Despite AU’s ineffectiveness over the years, advocates for arms embargo removal, to visit Juba as the R-ARCSS’s expiration date approaches.
The African Union’s Peace and Security Council has scheduled a visit to South Sudan as the country approaches the end of the transitional period. The African Union has also called on the international community to lift the UN Security Council’s arms embargo and other sanctions imposed on South Sudan in order for the country to expedite the graduation of unified forces.
On 13 July 2018, the United Nations Security Council (UNSC) placed a weapons embargo on South Sudan’s territory, requiring all UN member states to prohibit the direct or indirect supply, sale, or transfer of guns and associated materiel – including ammunition, military vehicles, and spare parts.
The embargo also applies to technical aid, training, financial help, and other forms of assistance connected to military activity.
“Calls on the international community to suspend the weapons embargo and other restrictions placed on South Sudan in order for the country to create the necessary capabilities for the united military forces,
“And for them to more effectively perform their constitutional mission of safeguarding their country’s territorial integrity,” says part of an AU communiqué acquired by NCMP on January 25th, 2022.
“[AUPSC] decides to conduct a solidarity visit to South Sudan on the second anniversary of the formation of the Transitional Government on 22 February 2022, with the goal of encouraging the country as it enters the final phase of the transition and begins the laborious process to the post-transition era,” the statement said.
Among other things, the council has asked the AU Commission to take on three tasks as South Sudan approaches the conclusion of the peace deal.
These include coordinating a trilateral examination of South Sudan’s election and constitution-making requirements with the UN Secretary-Office General and the IGAD Executive Secretary and submitting a report on the evaluation within two months of the Council’s resolution.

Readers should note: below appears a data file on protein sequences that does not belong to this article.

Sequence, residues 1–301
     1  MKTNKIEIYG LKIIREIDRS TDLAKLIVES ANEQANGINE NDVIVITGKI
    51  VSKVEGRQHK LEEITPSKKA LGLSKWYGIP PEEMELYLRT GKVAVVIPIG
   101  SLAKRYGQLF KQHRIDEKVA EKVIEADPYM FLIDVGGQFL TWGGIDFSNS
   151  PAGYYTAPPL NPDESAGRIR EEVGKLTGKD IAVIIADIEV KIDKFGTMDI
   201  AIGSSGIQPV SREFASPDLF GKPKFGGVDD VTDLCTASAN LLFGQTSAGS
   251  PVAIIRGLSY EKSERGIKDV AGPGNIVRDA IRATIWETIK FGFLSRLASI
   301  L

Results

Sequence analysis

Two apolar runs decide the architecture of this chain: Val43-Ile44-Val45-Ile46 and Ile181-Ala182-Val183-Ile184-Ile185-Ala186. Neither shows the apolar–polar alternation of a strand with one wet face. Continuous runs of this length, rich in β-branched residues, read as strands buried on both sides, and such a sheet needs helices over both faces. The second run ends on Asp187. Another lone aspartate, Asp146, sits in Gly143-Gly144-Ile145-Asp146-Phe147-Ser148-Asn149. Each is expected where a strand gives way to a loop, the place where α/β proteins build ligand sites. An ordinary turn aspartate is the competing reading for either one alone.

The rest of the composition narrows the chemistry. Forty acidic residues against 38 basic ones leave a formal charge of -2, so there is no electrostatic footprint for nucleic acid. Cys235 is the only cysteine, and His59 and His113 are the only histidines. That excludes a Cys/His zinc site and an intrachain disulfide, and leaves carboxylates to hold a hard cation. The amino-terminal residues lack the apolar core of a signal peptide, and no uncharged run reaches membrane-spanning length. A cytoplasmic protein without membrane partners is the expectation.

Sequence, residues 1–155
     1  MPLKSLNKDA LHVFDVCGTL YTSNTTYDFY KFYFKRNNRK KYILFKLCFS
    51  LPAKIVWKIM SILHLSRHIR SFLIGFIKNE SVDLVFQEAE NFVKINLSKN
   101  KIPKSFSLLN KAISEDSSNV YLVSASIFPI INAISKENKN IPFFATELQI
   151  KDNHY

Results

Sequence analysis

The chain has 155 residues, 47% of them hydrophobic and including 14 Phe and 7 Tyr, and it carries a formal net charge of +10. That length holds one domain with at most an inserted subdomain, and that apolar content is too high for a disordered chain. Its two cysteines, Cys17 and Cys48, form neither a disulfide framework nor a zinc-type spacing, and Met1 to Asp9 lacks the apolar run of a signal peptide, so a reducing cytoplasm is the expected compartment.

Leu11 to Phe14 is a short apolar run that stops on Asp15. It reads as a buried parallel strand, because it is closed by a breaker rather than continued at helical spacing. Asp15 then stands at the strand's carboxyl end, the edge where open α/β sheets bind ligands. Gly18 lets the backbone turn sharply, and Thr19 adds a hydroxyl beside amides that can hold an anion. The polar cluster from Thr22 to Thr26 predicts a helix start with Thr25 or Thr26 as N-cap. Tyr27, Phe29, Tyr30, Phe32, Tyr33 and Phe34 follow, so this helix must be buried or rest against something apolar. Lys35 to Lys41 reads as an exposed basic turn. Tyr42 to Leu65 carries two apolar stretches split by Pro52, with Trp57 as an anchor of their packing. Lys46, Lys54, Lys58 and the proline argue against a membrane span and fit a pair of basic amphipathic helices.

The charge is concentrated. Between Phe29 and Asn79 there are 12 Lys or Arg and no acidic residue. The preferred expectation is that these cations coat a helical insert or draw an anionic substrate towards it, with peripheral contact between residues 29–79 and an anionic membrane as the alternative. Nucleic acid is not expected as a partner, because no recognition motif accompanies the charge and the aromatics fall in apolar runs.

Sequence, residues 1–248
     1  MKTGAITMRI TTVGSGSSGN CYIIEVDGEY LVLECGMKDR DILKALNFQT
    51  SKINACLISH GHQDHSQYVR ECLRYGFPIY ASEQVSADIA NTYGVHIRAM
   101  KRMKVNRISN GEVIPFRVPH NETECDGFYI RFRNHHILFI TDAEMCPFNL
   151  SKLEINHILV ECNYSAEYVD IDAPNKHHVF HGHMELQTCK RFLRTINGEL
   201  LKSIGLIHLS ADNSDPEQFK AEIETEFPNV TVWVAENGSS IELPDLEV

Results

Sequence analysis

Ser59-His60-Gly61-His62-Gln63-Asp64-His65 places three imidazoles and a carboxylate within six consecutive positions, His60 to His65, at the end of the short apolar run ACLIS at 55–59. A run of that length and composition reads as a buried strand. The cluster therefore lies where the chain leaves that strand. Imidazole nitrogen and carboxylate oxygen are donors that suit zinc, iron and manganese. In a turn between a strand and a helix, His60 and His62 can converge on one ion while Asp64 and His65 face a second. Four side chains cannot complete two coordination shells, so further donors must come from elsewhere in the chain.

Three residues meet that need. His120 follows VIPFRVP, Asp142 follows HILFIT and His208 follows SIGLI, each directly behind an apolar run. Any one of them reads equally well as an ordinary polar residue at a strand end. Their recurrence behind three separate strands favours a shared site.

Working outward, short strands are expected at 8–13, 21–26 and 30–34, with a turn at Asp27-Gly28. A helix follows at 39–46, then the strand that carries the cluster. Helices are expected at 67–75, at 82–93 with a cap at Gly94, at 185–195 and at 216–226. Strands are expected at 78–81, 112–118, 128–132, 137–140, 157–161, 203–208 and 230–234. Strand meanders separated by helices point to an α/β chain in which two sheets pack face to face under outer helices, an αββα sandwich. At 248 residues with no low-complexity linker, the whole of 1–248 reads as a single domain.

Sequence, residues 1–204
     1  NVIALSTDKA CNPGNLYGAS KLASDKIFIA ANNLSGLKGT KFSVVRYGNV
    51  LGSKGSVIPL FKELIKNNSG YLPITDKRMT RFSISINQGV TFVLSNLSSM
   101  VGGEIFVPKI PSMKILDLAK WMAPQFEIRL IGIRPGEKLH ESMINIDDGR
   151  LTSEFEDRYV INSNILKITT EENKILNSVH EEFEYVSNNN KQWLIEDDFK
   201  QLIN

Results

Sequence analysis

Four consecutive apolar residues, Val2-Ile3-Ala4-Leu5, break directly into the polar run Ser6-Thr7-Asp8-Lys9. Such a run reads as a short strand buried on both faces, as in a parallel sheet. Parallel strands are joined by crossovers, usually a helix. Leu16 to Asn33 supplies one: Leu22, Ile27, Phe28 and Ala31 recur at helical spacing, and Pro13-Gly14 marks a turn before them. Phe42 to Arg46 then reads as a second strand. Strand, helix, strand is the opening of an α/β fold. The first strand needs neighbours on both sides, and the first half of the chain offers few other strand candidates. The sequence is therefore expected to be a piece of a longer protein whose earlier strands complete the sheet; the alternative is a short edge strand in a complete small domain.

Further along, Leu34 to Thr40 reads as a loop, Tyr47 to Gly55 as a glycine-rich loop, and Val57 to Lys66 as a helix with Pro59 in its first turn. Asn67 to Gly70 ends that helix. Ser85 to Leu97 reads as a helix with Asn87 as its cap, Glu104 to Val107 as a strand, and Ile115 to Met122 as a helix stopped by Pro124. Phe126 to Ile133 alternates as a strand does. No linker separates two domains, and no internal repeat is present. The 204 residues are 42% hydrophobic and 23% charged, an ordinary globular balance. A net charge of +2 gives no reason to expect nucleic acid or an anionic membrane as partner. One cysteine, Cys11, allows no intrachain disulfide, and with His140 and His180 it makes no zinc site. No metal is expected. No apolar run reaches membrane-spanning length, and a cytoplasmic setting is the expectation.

The second proposal is for the commission to have discussions on the convening of the South Sudan Funding Pledging Conference.
This is in accordance with Chapter III, Article 3.2.8 of the 2018 Revitalized Peace Agreement, which specifies that the African Union Commission Chairperson and the UN Secretary-General would host a conference to gather rebuilding funds to help the RTGoNU.
The council also emphasized the need for the AU to provide technical assistance to South Sudan’s disarmament, demobilization, and reintegration, as well as security sector reform projects.
In its statement to the peace parties, the council urged the president to hasten the rebuilding of national and local level commissions and institutions, as well as the Judicial Reform Committee and the Western Bahr el Ghazal State Assembly.
According to the document, this will enhance the executive, legislative, and judicial responsibilities of the government at both the national and state levels.
The council also urged the Presidency to look into all feasible options for providing the necessary resources, like finances and food, to finish training soldiers for the united national army.
Another unresolved problem it highlighted is the necessity for the parties to overcome concerns surrounding the unified command and control structure, as well as force ratios, in order to accelerate the establishment of the armed forces.
The Permanent Representative of the Republic of Ghana to the AU, Ambassador Amma Adomaa Twum-Amoah; the Special Representative of the Chairperson of the AU Commission for South Sudan, Prof. Joram Biswaro; South Sudan’s ambassador to Ethiopia, James Morgan; and the head of UNMISS were among those who took part in the virtual meeting.